Book Supplement: Three Hours North

Through the Glass

Suicide in the West End

Convergence Zone

Bordering on the Dream World

Tour of Vancouver, BC

Vancouver, BC

Book Reviews

Overflow

For Jack Spicer, the most volatile poet of the San Francisco renaissance, Vancouver, BC represented the penultimate promise of the West Coast beat scene--the city of "new meat." Spicer's relationship with place was both personal and universal; he searched for his poems in the cobblestone alleys and smoky bars of language. He found them at baseball games and heard them over the radio. He taught and influenced a number of younger poets. But Spicer was also territorial, and changes to San Francisco's beat scene and the North Beach gay scene in the 1950s and '60s began to turn Spicer's stomach. He planned on leaving it all to head north to Vancouver, but before he could do so, he committed a fateful error and was viciously murdered.Spicer's error took place on June 17, 1965, in Vancouver, where he was giving a series of readings and lectures. He was drinking heavily at the time, mixing his brandy with water, milk, or orange juice. The lectures were supposed to be an elucidation of his poetic methods: "dictation" and its larger embodiment as the "serial poem."

Spicer likened his dictation method to a radio, an image he pulled from Jean Cocteau's 1949 film Orphée, which featured an Orpheus obsessively scratching down poems that were dictated to him by a ghost over the car radio. This is the first line in Spicer's Billy the Kid: "The radio that told me about the death of Billy the Kid." Poets, like radios, should dictate, but not mess with, what they sense from the Outside. The Outside should be respected. As he states in the first Vancouver lecture, "Given a source of energy which you can direct, you can direct yourself out of the picture." The poem should take control of the poet, and what is on the page must stay. One is not to revise nor correct, not even a typo--typos are magical.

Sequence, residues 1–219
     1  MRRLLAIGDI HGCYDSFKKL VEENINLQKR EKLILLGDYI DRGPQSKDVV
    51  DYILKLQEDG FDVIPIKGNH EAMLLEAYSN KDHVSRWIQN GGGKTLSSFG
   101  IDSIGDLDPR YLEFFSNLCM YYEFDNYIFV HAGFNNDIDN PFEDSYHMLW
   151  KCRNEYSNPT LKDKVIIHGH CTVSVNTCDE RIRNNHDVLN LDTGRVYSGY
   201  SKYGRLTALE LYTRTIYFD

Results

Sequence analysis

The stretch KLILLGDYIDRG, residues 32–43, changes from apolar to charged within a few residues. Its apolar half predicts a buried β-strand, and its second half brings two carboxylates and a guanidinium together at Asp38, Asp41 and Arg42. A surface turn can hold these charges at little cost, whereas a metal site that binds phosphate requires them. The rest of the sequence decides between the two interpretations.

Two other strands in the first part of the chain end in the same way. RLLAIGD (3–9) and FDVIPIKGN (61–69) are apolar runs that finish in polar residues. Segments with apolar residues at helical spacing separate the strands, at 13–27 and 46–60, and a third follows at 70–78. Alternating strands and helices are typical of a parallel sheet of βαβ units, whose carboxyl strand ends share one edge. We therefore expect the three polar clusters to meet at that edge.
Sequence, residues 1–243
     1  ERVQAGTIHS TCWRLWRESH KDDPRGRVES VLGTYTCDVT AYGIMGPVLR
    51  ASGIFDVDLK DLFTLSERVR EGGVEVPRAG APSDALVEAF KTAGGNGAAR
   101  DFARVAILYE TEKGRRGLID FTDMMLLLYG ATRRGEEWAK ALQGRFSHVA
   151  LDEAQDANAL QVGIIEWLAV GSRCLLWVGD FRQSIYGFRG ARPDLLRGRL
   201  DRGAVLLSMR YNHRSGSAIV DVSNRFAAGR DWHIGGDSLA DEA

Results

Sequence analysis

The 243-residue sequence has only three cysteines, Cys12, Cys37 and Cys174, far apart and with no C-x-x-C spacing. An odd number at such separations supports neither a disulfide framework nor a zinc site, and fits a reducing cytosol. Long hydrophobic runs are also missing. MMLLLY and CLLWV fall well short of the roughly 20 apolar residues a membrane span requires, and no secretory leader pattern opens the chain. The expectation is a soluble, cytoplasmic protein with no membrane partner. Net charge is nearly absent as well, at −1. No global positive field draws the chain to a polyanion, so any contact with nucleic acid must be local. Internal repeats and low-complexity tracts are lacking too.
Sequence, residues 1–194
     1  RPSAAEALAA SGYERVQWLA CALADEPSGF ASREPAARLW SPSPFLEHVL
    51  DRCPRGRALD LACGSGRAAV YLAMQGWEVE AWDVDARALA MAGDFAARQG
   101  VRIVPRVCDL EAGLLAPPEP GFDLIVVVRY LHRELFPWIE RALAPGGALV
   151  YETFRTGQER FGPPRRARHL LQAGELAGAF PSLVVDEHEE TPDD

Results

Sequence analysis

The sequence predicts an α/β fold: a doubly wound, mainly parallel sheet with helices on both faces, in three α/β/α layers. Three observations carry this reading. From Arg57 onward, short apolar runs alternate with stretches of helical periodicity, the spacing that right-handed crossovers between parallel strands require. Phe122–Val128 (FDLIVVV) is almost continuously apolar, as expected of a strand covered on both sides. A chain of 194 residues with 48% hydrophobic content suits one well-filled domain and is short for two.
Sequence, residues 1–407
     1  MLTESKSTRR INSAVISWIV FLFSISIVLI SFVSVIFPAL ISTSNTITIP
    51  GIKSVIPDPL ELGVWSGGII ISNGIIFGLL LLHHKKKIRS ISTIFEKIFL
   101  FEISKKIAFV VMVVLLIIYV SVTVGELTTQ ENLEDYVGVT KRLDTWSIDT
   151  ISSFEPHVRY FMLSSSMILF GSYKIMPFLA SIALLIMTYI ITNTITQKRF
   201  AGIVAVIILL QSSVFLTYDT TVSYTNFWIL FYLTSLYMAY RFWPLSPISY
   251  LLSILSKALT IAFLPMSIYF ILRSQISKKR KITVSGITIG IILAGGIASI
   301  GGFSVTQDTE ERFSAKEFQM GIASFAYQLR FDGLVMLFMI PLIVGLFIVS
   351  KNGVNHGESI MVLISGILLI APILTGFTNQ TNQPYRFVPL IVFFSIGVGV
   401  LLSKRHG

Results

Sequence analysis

As Spicer began grouping a series of his poems together, such as his The Holy Grail poems or his Book of Magazine Verse, he would forget what he had written before. He would forbid himself from rereading his previous poems before writing the next. Dictation and the serial poem situate the poet with language working shrouded from sight. And just as Orpheus was instructed not to look back upon Eurydice's face, Spicer was forbidden to look back upon the words he wrote.

Spicer did look back, though. In a lecture entitled "Poetry in Process and Book of Magazine Verse," the last of the three Vancouver lectures collected in The House That Jack Built, Spicer read from his then unfinished manuscript. He announced at the beginning, like Orpheus testing Hades, "Tonight I'm going to try something which may foul up a poem for me." I wonder how his tone must have wavered for a second (or did it remain constant and unflinching?) just before he glanced into the face of his unfinished poem. The following is an excerpt from this beautiful and brutal gesture, part of a poem that renders a Vancouver so strange and playful and hopeful:

     Start with a baseball diamond high
     In the Runcible Mountain wilderness. Blocked everywhere by
     stubborn lumber. Where even the ocean cannot reach its
     coastline for the lumber of islands or the river its mouth.
     A perfect diamond with a right field, center field, left field of
     felled logs spreading vaguely outward. Four sides each
     Facet of the diamond.
     We shall build our city backwards from each baseline
     extending....

I shudder now, as this article begins to round its final corner. Though Jack Spicer intended to return to Vancouver to live--where he was offered a job at Simon Fraser University, where for the first time he made a sizable amount of money off readings and lectures, where the young men saw through to his brilliance--he never did so. Shortly after, back in Berkeley, Spicer collapsed in an elevator clutching a chicken sandwich.

A few days before he died in the hospital at age 40, Spicer confessed to his longtime friend Robin Blaser the name of his murderer: "My vocabulary did this to me." His vocabulary killed him, his rules that he broke in one generously slow and premeditated gesture up in Vancouver. His head, with slicked-back hair and deep-set eyes, had turned toward Eurydice the face of his unfinished poem.